Dr. Christine Braid
Bita Farhadpour, MBA
Dignity Health Medical Group
Dignity Health has a robust virtual care program, which was started in 2008. However, we have seen an explosion in virtual activity since the COVID-19 crisis in March 2020. The teamwork and dedication of our clinicians, leadership, and staff allowed us to meet the needs of our patients amid COVID-19. One of our long-term goals was implementing convenient virtual visits for all 200+ Dignity Health Medical Foundation clinics. Fast-forward to March 2020 and COVID-19 skyrocketed that goal into a reality much quicker than originally anticipated.
In January 2020, only 337 patients received virtual visits throughout all our medical groups. By the end of April, over 64,800 patients were seen via virtual visits. The total number of virtual visits as of June 12th, is over 149,000.
This increase is a testament to Dignity Health Medical Foundation executives, leaders, and staff who worked tirelessly to implement virtual care services and provide training and resources to physicians. Their incredible dedication and hard work brought high-quality, safe virtual visits to patients during a time of crisis. The executive leaders’ commitment and partnering with physician leaders made the virtual care services successful. Our team — which is physician driven, patient centric and operation supported — has done amazing work.
On March 23, a HIPAA-compliant virtual video platform was identified and deployed. In one week, over 1,000 physicians and all accompanying clinic staff were on-boarded and trained. Teamwork and expert leadership enabled this to happen successfully in such a short amount of time. Over the next month, trainings continued, resulting in over 96.6% of Dignity Health Medical Foundation physicians currently using virtual visits to care for patients.
We found the success was the result of collaboration with all medical group leaders and our virtual care team. During this virtual evolution we proved the perfect combination for virtual care success is a physician and administration dyad team.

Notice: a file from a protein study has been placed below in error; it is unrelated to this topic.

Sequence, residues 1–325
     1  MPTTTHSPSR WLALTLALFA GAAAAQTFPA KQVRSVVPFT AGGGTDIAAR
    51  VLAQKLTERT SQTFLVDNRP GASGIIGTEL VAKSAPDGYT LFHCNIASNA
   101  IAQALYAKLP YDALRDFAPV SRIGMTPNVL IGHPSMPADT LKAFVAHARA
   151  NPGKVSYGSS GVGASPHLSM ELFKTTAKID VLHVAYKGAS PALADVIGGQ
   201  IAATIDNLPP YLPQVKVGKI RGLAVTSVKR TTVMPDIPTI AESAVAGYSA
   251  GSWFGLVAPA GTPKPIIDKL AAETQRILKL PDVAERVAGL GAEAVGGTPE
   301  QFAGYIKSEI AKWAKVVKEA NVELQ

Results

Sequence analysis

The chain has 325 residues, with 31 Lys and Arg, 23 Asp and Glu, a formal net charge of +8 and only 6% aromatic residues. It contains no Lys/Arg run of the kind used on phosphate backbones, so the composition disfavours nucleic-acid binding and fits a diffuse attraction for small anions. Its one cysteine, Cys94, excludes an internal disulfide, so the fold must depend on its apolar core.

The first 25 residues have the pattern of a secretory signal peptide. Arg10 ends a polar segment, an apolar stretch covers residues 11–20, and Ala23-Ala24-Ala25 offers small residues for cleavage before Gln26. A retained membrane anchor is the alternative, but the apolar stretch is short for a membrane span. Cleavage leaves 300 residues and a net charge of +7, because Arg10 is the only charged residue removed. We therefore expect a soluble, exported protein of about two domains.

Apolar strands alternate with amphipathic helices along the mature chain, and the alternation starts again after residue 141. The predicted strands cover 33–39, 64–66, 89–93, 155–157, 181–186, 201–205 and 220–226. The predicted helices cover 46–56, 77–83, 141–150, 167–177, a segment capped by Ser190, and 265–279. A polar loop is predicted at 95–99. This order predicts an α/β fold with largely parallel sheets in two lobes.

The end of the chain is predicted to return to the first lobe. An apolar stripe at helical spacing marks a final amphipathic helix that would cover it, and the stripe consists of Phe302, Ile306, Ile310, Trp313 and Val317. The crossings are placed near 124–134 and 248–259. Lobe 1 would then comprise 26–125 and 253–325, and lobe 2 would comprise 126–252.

Clinician education and training were key elements of success in our program. Recognizing that not everyone has the same learning styles, we developed several training mechanisms. We emphasized document learning, e-learning (muscle memory), and video training. We created the Clinician Virtual Care Education Committee with the stakeholders from Physician Enterprise, Innovation Team, Transformation and Implementation, Informatics, Digital Office, Clinical Support Services, Clinical Education, Marketing and IT. We are maintaining successful virtual visits and expansion of services by keeping relevant and up-to-date training and addition of national goals.
To ensure quality of virtual care on both physician and patient side, we captured patient and physician satisfaction in regard to virtual visit experience. The survey was seven to 12 questions about patient and clinician platform and technology, usability and satisfaction which was modeled on national survey guidelines tailored to virtual care. We received 603 patient surveys and 189 physician surveys between April 27 and May 6. The results were as follows: 93.86% of patients rated overall video visit very high, 92.52% of patients rated ease of use of technology for video visit, and 91.92% of patients rated that they recommend video visits to others.
On the physician side, 83.07% physicians rated agreeable and satisfied with virtual care platforms, and 49.47% physicians rated virtual visit as about the same or better than in-person visits.
In summary, we found the best way to implement any sustainable virtual care service is to have a collaborative team of clinicians plus patients, plus operation, plus technology. Without these four pillars, virtual care is not possible.
We would like to thank everyone who was involved in helping make virtual care a huge success.